01-01-2008 – American University of Armenia Leads Primary Health Care Training Program in Nagorno Karabagh
During March-May 2006, 265 nurses and 35 doctors throughout Nagorno Karabakh (NK) completed basic first aid and emergency skills training. The Armenian Red Cross Society, whose trainers have excelled at European regional competitions, conducted the first aid training course according to international standards. Graduates of the training program received a certificate, which is recognized throughout Europe. This 40+ hour first aid training course was the first of several training programs for doctors and nurses who provide outpatient primary care in NK organized by the Center for Health services Research and Development at the American University of Armenia (AUA/CHSR).
The project is part of the United States Agency of International Development (USAID) funded Humanitarian Assistance Program for Nagorno Karabakh (HAPNK) that is led implemented by the Fund for Armenian Relief (FAR). These health-oriented training programs complement a larger set of multi-sector renovation and construction efforts being implemented by FAR within the USAID funded project. AUA/CHSR is responsible for the health sector activities including needs assessments and trainings and provides technical support to renovating health posts and providing needed medical equipment to effectively implement the medical training techniques taught in these courses.
The AUA/CHSR team is led by Drs. Alina Dorian and Michael Thompson. They are supported by experts such as Dr. Ara Tekian from the University of Illinois at Chicago, Dr. Sonia Arushanyan, Armenia’s IMCI expert, Dr. Aram Kaligian, a family physician from Boston, and a dedicated cadre of local trainers and professional staff.
The comprehensive health training program addressed the integrated management of childhood illnesses (IMCI); the management of adult diseases (ADM); and health promotion/patient counseling skills (PCS). The IMCI training addresses the most common conditions affecting children including respiratory infections, diarrhea, nutritional problems, anemia, prophylaxis of intestinal worms, burns and traumas, skin diseases, and ear and throat infections. ADM training, originally developed in NK by the International Committee of the Red Cross in the mid-1990s, addresses the diagnosis and treatment of the most common conditions affecting adults, including respiratory infections, cardiac diseases, urinary tract infections, skin diseases, burns and traumas, and gastro-intestinal diseases. The patient counseling skills training enables health professionals to effectively communicate with, educate, and motivate patients and community members in healthy habits and management of their illnesses.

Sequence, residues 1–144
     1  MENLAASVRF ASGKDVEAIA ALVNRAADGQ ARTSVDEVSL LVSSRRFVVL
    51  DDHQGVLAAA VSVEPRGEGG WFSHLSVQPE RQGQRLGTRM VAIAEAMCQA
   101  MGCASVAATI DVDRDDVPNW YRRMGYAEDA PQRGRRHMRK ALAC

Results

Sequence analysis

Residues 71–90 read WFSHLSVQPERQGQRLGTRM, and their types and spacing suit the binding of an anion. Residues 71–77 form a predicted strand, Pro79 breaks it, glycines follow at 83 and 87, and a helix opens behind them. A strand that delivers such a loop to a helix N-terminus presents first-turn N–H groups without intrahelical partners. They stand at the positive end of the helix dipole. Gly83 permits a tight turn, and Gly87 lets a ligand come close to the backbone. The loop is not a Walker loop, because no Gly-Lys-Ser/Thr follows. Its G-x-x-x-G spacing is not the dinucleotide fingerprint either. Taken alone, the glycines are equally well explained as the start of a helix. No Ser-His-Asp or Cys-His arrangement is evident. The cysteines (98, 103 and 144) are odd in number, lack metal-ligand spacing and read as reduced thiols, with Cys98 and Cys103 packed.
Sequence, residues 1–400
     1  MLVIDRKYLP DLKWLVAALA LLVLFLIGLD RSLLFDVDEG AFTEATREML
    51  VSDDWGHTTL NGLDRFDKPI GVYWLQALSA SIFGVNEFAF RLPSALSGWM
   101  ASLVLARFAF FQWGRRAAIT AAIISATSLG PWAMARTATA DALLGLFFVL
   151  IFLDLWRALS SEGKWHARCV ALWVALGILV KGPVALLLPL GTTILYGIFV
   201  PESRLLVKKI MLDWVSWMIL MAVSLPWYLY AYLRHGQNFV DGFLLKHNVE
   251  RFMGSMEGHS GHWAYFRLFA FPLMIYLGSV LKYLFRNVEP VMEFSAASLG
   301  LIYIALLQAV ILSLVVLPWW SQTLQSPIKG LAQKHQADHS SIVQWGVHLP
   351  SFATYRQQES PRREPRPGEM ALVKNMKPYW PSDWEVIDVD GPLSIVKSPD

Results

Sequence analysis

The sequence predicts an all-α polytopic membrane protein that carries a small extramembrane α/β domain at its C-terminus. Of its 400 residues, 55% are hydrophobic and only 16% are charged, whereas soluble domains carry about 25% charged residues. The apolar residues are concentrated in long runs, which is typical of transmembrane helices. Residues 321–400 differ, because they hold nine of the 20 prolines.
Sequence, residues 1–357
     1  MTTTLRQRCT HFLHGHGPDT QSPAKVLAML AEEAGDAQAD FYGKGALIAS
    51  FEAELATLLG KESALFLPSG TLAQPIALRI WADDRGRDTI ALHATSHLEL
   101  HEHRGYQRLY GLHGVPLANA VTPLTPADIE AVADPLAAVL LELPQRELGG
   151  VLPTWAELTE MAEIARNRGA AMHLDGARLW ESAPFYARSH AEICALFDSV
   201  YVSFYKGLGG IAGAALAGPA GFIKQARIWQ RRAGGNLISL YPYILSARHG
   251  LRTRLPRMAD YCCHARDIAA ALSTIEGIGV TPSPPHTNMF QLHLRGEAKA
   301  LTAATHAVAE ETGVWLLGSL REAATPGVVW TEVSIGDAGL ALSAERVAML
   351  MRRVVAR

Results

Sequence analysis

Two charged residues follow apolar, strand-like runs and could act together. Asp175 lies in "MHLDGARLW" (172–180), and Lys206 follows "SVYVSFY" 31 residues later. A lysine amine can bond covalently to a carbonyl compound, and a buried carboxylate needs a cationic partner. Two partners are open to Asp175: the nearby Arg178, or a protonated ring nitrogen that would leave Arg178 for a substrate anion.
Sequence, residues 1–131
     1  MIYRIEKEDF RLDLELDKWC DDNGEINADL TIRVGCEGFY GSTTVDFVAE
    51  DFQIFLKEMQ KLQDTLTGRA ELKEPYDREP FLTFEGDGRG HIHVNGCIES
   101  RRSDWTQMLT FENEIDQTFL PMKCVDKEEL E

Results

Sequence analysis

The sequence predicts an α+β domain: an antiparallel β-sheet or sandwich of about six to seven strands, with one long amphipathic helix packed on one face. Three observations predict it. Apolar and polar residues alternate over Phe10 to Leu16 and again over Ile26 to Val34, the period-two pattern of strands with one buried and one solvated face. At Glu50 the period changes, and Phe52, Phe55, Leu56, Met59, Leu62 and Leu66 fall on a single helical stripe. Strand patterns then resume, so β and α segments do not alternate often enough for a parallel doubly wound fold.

By the end of January 2007, 86 nurses/feldshers and 10 doctors had completed the clinical IMCI training. From May-November 2007, AUA/CHSR team trained nearly 150 providers on ADM, and over 250 providers in effective patient counseling and health communication skills. One of the providers mentioned “I am very grateful to the organizers of this course. Consultations and advice provided within this course are necessary and important for me. It is preferable that these kinds of training courses are frequent and continuous.”
The last phase of these comprehensive training programs is now underway with the January 2008 launch of community-IMCI (c-IMCI). In 32 villages, nearly 600 villagers are being trained to promote healthy lifestyles and to encourage caregivers to seek appropriate medical care when necessary.
These training programs, designed to meet international standards and conform to local needs and resources, help ensure that the people of Nagorno Karabagh receive timely and effective primary care, emphasizing the most common conditions that threaten their well-being.